· Water, gas and electricity supplies and drainage facilities;
        · Appliances such as cookers, heaters, washing machines
        · Shared lighting and heating facilities, including hot water supplies
        · Shared toilets, baths, sinks and basins;
        · Shared cooking, food storage and other installations
        · Staircases, handrails, halls and landings, including floor coverings;
        · Windows and other means of ventilation
        · Outbuildings, paths, yards and garden areas

        2. Maintenance of living accommodation
        Managers must ensure that:
        · Each unit of living accommodation and any furniture supplied are in clean condition at the beginning of a person’s occupation of it;
        · The internal structure of living accommodation and any fixtures, fittings or appliances supplied within it are maintained in good repair and clean working order, subject to the tenant behaving in a tenant-like manner.

        3. Safety Measures
        Managers must take reasonable safety measures to ensure that:
        · Tenants are protected from injury;
        · Means of escape from fire are free from obstruction and in good order;
        · The fire alarm system and any fire fighting equipment provided are maintained in good order;
        · Ensure that notices are displayed indicating means of escape in case of fire

        4. Supply and maintenance of gas and electricity
        Managers must:
        · Not unreasonably interrupt supplies of gas or electricity
        · Supply the local authority on demand the latest gas appliance test certificate for the HMO;
        · Ensure that every fixed electrical installation is inspected and tested at intervals not exceeding five years by a person qualified to undertake such inspection and testing AND obtain a certificate from that person specifying the results of the test AND supply that certificate to the local authorities if requested to do so.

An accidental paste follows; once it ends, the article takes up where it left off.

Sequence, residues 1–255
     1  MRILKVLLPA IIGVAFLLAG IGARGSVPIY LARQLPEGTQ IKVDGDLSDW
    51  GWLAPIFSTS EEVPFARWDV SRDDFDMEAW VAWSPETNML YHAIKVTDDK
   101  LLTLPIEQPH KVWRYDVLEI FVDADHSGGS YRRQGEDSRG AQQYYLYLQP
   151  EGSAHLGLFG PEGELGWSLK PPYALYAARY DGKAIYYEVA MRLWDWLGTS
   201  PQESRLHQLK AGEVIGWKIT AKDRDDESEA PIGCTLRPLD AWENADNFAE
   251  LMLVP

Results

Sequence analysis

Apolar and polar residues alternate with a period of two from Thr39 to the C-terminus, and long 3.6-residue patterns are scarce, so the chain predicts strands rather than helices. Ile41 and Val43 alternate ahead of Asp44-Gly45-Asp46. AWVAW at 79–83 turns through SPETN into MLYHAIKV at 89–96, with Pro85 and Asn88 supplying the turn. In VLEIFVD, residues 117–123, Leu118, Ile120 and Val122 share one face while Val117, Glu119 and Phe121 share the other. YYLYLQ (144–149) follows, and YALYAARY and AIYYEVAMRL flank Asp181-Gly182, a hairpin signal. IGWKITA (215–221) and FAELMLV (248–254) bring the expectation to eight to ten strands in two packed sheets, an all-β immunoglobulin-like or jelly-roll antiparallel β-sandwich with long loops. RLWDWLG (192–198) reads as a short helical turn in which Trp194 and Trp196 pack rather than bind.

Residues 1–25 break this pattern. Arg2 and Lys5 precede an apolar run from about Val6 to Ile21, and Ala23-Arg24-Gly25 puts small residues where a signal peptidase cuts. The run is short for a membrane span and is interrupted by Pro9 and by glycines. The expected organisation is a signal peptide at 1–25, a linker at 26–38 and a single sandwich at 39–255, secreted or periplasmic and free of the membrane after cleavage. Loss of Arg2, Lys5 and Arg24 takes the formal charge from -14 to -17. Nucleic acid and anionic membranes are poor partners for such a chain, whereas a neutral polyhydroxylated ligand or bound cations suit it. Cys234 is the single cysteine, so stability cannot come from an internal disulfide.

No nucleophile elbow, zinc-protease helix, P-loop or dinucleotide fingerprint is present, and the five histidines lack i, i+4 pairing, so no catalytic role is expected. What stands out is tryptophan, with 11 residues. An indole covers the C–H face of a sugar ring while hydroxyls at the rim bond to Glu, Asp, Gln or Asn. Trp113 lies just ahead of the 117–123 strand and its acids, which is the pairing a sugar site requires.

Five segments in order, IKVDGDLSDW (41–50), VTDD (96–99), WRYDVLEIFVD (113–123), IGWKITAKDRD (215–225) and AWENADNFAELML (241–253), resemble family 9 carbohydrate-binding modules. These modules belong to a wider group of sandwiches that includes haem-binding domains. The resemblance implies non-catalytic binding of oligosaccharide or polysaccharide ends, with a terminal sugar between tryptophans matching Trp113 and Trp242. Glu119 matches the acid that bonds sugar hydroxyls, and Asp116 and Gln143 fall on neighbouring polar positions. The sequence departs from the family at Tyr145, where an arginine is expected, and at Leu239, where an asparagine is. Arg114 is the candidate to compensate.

Comment


          #5
          As you know DPT I shared your views, bonkers.

          Some so-called expert bodies are surprisingly pig-headed about their stated views.
          I am legally unqualified: If you need to rely on advice check it with a suitable authority - eg a solicitor specialising in landlord/tenant law...

          Comment


            #6
            Yes, indeed. Having said that, I can see an argument that in an HMO with room only tenancies and a shared electricity/gas supply served by a prepayment meter, the landlord, by refusing to have a rent that includes utility costs could be regarded as denying the supply to the individual tenants who have no relationship with each other and can't agree between them a process for topping up the meter. What I am not clear about is what the legal position would be and what the Council can do about it.

            Comment


              #7
              This sounds completely crackers to me.

              If this is a joint tenancy, then there is only one tenant who is not paying for their supply. The fact that it is HMO is not relevant to whether there is one legal tenant. I also cannot see how the existence of a meter is relevant, since exactly the same could apply without a meter and in the absence of payment the supply would be cut off.

              In any case if the tenant is responsible for paying for utilities, and if the AST mentions that responsibility, I would make it clear to the tenant that a) They are entitled to apply to have the meter removed b) Any top-ups you provide will be regarded as non-payment of rent and that you will sue them.

              Comment


                #8
                Yes, except that without the prepayment meter a landlord that wanted to avoid paying himself would have to persuade 4 room only tenants to have a shared account in their names, which seems unlikely, especially as they may be constantly changing. Different perhaps for a joint tenancy and therefore the Associations response is crackers as you say

                Comment